The Gallery Collection

When I was 17, I took my first college art history class.

I had no idea what to expect, but the moment the lights were dimmed in that large lecture hall, and the first two slides bounced on the screen, my life was changed forever.

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I don’t know if it was the effect of being in the “black box” juxtaposed with the huge images in front of me. I don’t know if it was the disembodied voice talking about the Venus of Willendorf and De Kooning’s Woman…so astonishingly disparate from one another…how could any of this EVER make sense?

All I know is that a new part of my brain was electrified all those decades ago… and it abstract-_accordion-shapes_-framehas engaged me beyond measure ever since.

What that moment led to has been a lifetime of collecting and a deep need to preserve, protect and make possible to enjoy, a very eclectic collection of art.

One illustrative story that explains just one subset of the collection:

I took a Renaissance course and the professor started with Cimabue, Giotto, went very slowly through Masaccio, Uccello, Piero. He talked about how everyone had to relearn everything lost during the “Dark Ages.”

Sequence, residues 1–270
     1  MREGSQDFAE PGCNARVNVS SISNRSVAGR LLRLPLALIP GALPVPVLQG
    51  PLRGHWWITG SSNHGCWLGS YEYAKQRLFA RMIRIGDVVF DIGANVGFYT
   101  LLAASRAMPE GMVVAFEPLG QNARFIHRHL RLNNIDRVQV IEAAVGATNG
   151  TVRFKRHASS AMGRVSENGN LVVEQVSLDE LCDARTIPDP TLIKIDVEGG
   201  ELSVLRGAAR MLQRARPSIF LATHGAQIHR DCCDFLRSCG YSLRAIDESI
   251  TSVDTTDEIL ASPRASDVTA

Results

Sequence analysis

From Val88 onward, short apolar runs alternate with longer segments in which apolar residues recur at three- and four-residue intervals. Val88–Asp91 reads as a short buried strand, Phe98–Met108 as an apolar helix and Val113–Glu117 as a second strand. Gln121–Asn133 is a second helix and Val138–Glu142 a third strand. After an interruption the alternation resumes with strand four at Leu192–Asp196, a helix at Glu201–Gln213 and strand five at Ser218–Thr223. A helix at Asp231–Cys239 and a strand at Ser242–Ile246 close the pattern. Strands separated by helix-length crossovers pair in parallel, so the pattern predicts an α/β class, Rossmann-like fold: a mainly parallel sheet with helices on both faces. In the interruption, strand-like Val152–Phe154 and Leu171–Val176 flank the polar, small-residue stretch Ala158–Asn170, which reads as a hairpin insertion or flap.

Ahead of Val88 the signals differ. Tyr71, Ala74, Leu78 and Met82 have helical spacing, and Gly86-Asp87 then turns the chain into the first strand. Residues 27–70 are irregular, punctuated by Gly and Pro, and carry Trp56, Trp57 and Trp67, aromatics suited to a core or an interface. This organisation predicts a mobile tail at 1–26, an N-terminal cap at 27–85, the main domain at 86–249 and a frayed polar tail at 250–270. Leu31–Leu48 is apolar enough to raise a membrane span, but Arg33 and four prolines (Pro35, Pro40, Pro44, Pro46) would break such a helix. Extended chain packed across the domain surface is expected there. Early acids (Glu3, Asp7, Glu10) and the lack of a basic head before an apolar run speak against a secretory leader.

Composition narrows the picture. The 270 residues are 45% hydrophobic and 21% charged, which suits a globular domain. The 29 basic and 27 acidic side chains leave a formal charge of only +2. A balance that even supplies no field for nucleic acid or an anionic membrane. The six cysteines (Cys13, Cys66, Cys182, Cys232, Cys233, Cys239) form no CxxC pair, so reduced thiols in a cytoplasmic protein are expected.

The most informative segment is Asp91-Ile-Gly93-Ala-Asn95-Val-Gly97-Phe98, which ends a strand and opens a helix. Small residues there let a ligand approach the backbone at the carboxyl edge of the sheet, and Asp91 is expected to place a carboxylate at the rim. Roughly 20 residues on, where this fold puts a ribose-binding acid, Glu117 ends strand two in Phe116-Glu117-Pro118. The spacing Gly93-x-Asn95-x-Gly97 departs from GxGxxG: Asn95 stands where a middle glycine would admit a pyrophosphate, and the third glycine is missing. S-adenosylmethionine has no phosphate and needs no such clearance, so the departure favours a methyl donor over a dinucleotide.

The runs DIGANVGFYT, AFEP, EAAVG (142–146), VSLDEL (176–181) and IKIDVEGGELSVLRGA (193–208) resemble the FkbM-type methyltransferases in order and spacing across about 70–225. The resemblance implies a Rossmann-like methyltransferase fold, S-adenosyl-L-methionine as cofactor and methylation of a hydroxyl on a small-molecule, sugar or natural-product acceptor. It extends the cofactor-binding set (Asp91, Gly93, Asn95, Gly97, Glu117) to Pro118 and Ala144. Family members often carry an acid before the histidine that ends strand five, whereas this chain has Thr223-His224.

About three weeks before the semester ended, I couldn’t understand why he hadn’t said a word about the “big” guys: Raphael, Leonardo and Michelangelo.

I posed the question and he said, basically, that it was the process that all of these artists were going through in searching for perspective, etc., that made it so interesting. Seeing how they figure things out through the painting is so compelling. By the time you get to Raphael, he’s so perfect, the quest is over and there isn’t so much to say.

Of course, people could disagree with that argument, and the professor actually intimated in a conversation I had with him about 15 years ago, that he loved Baroque and the Mannerists, so he might not have approached the course in the same way at a later time.

It had, though, a profound influence on me, and when I suddenly found myself loving folk and naïve art, it made sense what aspect of it most appealed to me: the innocent searching to express yourself in the absence of perfect technique.

Thus, the incredible pull toward Roger Dumont and his world, as one example of what we show here.

This is, I reiterate, a very eclectic collection, which becomes even more so as you search the other sections of the website. A love of design, the excitement of the mid-20th century, vintage photography, the natural world…all of these themes, directions, subsets merge in this section…telling just part of the story of our gallery.

Phyllis Wrynn
Gallery Director

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